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does anybody have strong recommendations for how to turn emacs into a java development environment? I tried intellij and eclipse but I really really rather stay in emacs! lsp-java meghanda jdee?


the conventional wisdom i've heard is to not fight it and get a proper IDE. emacs will never be as good for java as what IntelliJ can do

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@veix.q5 add clojure to the java-project and use cider-mode? 😎

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The only two things I'll never recommend Emacs for: java and scala


I agree with you. We should avoid using emacs for Scala. I think IntelliJ is better tool than emacs/Ensime. But Clojure in Emacs is only love


incidentally, intellij has “emacs” keybindings


@vijaykiran what do you recommend?


(and so does cursive)


although how much this mimics the functionality, I don’t know


IntelliJ is my goto for Java


@lady3janepl my emacs is heavily customized, that won't do it for me


yeah, then you’d need to build your own keybindings


fwiw after trying a lot of IDEs I think the entire intellij family is seriously worth the money

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I tried CDE/Java/Eclipse Server based dev/Meghanada/Ensime but all of them were PITA

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i guess i'll have an emacs open on the side of intellij.

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That's my workflow.

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IntelliJ is way more useful because in most of Java projects you've a plenty of framework stuff.


the real secret: don't write java

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@dominicm I know! but I need to do some java in order to solidify my clojure knowledge and wrapping ability. so that I could make java libs disappear under clojure!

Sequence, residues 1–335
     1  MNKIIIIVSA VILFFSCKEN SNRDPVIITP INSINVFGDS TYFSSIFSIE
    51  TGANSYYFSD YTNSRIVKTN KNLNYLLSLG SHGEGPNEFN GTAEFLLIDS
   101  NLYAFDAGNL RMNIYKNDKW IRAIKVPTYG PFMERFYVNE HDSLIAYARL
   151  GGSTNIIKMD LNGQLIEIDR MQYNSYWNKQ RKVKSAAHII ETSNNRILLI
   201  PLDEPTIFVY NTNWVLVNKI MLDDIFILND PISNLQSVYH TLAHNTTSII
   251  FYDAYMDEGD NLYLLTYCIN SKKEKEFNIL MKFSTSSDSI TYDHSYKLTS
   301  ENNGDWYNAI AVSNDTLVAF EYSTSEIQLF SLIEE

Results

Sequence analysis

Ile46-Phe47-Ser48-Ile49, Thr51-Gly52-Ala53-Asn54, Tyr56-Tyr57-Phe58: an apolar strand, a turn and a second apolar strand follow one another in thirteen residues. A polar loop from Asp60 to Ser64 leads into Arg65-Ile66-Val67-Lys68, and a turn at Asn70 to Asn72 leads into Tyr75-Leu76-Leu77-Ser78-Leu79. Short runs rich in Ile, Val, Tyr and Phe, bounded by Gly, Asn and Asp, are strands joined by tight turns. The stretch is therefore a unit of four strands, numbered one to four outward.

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Has anyone got experience with both Rollbar & that they'd be able to contrast for me? Rollbar seems to offer the same feature set I need, for a cheaper price. I haven't gone deep yet, but war stories are always nice to read 🙂


About six months ago I compared a bunch of JS error tracking services and settled on, although unfortunately I did not compare it to rollbar at the time. All I can tell you is that it compared favorably to TrackJS, Airbrake, and errorception, especially in terms of pricing--we really liked how they charged by the event and don’t cut you off if you exceed that amount.


Also important was that we could easily integrate configuration into our build process, which I remember airbrake in particular making difficult.


in any case, sorry that this isn’t a comparison, but maybe helpful to you in thinking about what qualities to consider


I've selected these two because they integrate with our current exception logging system and they integrate with our issue tracker. One big downside of sentry for us is that you have to go for enterprise to get SAML/Auth0. Which is quite a let down. Price will be a significant factor, as we have a lot of errors in this application due to third parties.


Thank you for your comment though, if helps validate that I'm looking at the right things 😊

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completely random, but how would you characterize the job market for remote Clojure devs in the EU?


Well, I'm a Clojure dev in the EU and I've yet to score a remote job. I'd kill for one though ...


This is a good topic for the #jobs-discuss channel...


Flexiana is looking for remove Clojure devs @U3LEWJSG2 can say more


Hmmm. Anyone deeply familiar with jbake and AsciiDoc and how to escape special characters like #? I'm trying to add a tiny bit of text to the Clojure reader docs about ##Inf and similar things, and the # characters are causing me trouble that the AsciiDoc documentation isn't helping with much. e.g. I tried \#\#Inf and a few variations, but it keeps either leaving the backslashes in the resulting HTML output, or I leave the backslash out and jbake converts it to HTML <mark> </mark>, which I don't want.


you could try using &num;


Ah, my sanity is restored by finding this incantation: pass:[##Inf]


Sometimes finding such things takes longer than the actual 'meat' of the documentation.

Alex Miller (Clojure team)21:08:47

for tips on stuff like that


Thanks, Alex. Yes, I would have found that useful if I had remembered it existed while having issues. It does mention the pass: syntax, which is good.

Alex Miller (Clojure team)23:08:13

Knowing is half the battle :)